Flexing new muscles on the International Space Station
When people conjure an image of a robot in their mind, they may imagine something out of a steampunk story—complex gears, rotors and clockworks. All metal, no muscle—but that's all about to change.
An American company creates muscles out of an advanced smart material that could be used in robots, expanding its capabilities while enabling them to go places considered too dangerous for humans. As astronauts on the International Space Station (ISS) study how the material reacts to the space environment, scientists on Earth are investigating the application of these same muscles in prosthetics, allowing fabrication of extremely realistic replacements for people who have lost limbs.
"For space robots and people on Earth, I want to develop a realistic prosthetic arm in form and function," said Lenore Rasmussen, Ph.D., founder of Ras Labs in Quincy, Massachusetts, and the principal investigator and inventor of Synthetic Muscle. "I envisioned designing something as delicate as a human hand with customized motion and control for an individual's needs, restoring mobility and freedom to those who have been injured."
Synthetic Muscle is a material made from an electroactive polymer that contracts with an electric current and expands back to its original state when the charge is reversed. The sixth SpaceX cargo resupply mission that is planned to launch on April 13 will deliver the samples of the material to the space station. Astronauts there will expose the material to cosmic and solar radiation to evaluate its durability in the harsh environment. Last summer, the material performed well when exposed to high levels of gamma radiation at the U.S. Department of Energy's Princeton Plasma Physics Laboratory in New Jersey.
"Early indications from the ground-based experiments indicate the materials electroactive polymers are radiation resistant," said Rasmussen. "The next logical step is to test the material outside of our atmosphere where there is a full spectrum of solar and cosmic radiation to see if it would still function and could be used in robots in deep space where they may encounter even higher radiation levels and cosmic effects like high linear energy transfer (LET) particles."
Different variations of the material—with different additives and coatings—will be attached to the interior of the space station and photographed over the 90 day exposure before returning to Earth for material integrity and electroactivity tests.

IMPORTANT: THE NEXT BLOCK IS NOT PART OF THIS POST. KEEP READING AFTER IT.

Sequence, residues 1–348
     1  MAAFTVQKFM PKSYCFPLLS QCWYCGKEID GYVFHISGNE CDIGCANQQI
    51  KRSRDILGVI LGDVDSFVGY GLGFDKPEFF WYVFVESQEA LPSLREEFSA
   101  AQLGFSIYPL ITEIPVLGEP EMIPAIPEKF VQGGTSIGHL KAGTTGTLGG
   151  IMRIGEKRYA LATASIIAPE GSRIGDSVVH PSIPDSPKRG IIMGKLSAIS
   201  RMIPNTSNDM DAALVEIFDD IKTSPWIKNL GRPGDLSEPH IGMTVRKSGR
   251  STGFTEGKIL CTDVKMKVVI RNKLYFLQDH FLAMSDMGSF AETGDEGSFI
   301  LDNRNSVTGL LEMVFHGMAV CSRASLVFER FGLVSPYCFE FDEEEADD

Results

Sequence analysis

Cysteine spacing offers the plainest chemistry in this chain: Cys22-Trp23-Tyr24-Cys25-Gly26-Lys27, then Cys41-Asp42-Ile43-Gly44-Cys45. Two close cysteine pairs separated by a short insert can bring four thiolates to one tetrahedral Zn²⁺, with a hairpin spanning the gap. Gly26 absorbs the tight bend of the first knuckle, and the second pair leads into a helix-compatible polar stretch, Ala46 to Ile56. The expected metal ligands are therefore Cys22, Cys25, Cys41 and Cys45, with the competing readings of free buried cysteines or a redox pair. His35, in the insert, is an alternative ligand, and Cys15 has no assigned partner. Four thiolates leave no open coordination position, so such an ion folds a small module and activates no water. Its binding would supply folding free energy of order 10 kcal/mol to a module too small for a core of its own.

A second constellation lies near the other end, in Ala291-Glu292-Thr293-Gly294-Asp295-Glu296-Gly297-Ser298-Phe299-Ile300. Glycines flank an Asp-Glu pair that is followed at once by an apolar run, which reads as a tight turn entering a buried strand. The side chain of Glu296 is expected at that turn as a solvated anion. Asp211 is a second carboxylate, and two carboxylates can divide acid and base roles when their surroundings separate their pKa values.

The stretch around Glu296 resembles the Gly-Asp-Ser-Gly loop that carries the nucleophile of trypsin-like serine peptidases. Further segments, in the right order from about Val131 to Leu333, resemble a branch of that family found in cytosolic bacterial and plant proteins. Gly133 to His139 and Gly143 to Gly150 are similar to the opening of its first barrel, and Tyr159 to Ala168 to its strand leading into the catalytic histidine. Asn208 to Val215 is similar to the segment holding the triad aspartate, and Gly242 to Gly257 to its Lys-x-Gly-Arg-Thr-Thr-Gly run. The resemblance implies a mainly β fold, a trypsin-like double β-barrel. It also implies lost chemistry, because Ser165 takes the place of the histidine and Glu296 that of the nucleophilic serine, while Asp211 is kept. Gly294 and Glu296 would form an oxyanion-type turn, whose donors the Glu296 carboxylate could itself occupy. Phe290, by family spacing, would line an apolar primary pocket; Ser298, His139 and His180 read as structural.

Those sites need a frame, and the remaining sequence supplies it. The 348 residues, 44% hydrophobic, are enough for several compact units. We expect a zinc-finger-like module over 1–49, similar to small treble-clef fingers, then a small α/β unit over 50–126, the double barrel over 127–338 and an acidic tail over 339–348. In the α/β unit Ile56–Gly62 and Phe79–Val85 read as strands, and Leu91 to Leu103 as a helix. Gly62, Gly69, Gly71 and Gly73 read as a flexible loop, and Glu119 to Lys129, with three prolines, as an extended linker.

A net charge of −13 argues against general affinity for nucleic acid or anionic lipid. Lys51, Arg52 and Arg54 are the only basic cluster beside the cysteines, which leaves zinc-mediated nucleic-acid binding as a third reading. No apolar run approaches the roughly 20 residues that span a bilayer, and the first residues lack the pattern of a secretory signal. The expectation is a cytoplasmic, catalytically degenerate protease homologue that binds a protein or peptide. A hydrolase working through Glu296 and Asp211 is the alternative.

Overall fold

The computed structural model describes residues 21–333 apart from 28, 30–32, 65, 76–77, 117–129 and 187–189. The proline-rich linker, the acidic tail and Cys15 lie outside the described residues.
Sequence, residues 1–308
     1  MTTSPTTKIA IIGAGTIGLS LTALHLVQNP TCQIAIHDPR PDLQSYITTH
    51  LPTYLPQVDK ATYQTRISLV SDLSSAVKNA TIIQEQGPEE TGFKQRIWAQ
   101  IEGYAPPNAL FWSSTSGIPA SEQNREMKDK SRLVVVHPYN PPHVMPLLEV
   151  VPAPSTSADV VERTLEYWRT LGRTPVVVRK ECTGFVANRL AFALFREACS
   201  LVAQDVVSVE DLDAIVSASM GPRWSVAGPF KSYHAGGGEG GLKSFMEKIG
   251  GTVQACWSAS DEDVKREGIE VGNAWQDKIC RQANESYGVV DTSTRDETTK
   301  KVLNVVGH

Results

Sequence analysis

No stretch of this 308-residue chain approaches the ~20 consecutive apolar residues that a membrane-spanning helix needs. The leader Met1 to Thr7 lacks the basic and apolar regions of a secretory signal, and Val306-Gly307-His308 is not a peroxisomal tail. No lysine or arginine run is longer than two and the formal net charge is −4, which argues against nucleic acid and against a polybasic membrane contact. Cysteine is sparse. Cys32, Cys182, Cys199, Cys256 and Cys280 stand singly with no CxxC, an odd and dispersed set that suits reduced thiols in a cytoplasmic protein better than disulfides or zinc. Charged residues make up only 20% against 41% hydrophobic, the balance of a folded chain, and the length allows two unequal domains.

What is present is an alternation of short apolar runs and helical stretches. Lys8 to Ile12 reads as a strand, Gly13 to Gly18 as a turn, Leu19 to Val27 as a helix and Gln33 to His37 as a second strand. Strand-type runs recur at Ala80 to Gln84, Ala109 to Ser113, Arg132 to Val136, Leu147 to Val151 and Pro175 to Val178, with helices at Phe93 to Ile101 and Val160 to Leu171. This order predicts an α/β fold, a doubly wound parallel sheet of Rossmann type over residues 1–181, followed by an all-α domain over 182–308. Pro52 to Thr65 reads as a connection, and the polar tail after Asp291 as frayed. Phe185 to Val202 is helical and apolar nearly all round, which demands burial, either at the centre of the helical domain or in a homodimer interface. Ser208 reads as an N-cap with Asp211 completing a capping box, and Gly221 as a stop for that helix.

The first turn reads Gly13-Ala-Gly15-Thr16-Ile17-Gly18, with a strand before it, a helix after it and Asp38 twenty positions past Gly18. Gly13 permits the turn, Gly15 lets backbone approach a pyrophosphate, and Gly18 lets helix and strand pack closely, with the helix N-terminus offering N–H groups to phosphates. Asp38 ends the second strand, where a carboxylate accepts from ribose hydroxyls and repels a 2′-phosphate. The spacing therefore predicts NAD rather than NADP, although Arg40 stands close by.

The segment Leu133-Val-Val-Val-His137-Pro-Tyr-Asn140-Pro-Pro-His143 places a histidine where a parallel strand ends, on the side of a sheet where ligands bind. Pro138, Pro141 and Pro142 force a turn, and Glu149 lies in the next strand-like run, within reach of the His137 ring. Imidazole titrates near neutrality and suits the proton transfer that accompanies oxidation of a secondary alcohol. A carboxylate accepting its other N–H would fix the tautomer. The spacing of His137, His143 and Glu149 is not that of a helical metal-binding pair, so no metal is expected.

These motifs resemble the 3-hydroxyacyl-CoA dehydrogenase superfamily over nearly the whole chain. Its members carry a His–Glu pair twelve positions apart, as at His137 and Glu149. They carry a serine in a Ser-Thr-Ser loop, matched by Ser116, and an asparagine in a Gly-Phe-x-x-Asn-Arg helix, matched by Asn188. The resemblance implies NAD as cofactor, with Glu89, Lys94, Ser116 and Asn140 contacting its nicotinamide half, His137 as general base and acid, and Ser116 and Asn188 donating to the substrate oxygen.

According to Ras Labs studies, Synthetic Muscle can withstand extreme temperatures—from the cold of space at minus 450 degrees Fahrenheit to well above the boiling point of water at 275 degrees Fahrenheit.
Robots with these manufactured muscles could be used in areas unsafe for humans, such as potential nuclear disasters. Robots outfitted with hands built using Synthetic Muscle could go into dangerous areas and perform human tasks requiring fine motor skills, like turning knobs or pushing buttons, to mitigate a disaster.
The Earth benefits of synthetic muscle appealed to the Center for the Advancement of Science in Space (CASIS) in Melbourne, Florida, which manages commercial investigations on the ISS National Laboratory.
"At CASIS, we support projects with direct applications on Earth," said Warren Bates, CASIS director of portfolio management. "Synthetic Muscle lined up perfectly with our mission to drive studies in space to improve our quality of life, from medical applications to commercial products. The space station's extreme environment provides an ideal platform for testing and analysis of these materials."
The materials in Synthetic Muscle can be created with traditional plastics manufacturing processes or with another technology being tested on station: 3-D printing, or additive manufacturing. The polymer material can be designed for more flexibility and degrees of motion, or it can be formulated to provide more strength and durability.
"The synthetic muscle we have created directly converts electrical energy to motion without the need for belts, pulleys, gears or motors," Rasmussen said. "As a result, our materials will generate a new way of thinking about motion, simplifying product design and increasing reliability by minimizing the number of parts that can break down in a device. This is revolutionary science."
Provided by NASA